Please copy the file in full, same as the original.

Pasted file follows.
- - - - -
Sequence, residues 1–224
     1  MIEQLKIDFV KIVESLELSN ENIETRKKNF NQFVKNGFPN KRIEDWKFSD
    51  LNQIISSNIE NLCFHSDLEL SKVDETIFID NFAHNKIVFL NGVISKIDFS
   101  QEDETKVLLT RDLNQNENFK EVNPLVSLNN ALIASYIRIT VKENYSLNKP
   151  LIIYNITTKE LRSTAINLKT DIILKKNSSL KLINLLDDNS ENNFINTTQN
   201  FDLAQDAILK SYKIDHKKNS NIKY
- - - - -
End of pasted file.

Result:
Sequence, residues 1–224
     1  MIEQLKIDFV KIVESLELSN ENIETRKKNF NQFVKNGFPN KRIEDWKFSD
    51  LNQIISSNIE NLCFHSDLEL SKVDETIFID NFAHNKIVFL NGVISKIDFS
   101  QEDETKVLLT RDLNQNENFK EVNPLVSLNN ALIASYIRIT VKENYSLNKP
   151  LIIYNITTKE LRSTAINLKT DIILKKNSSL KLINLLDDNS ENNFINTTQN
   201  FDLAQDAILK SYKIDHKKNS NIKY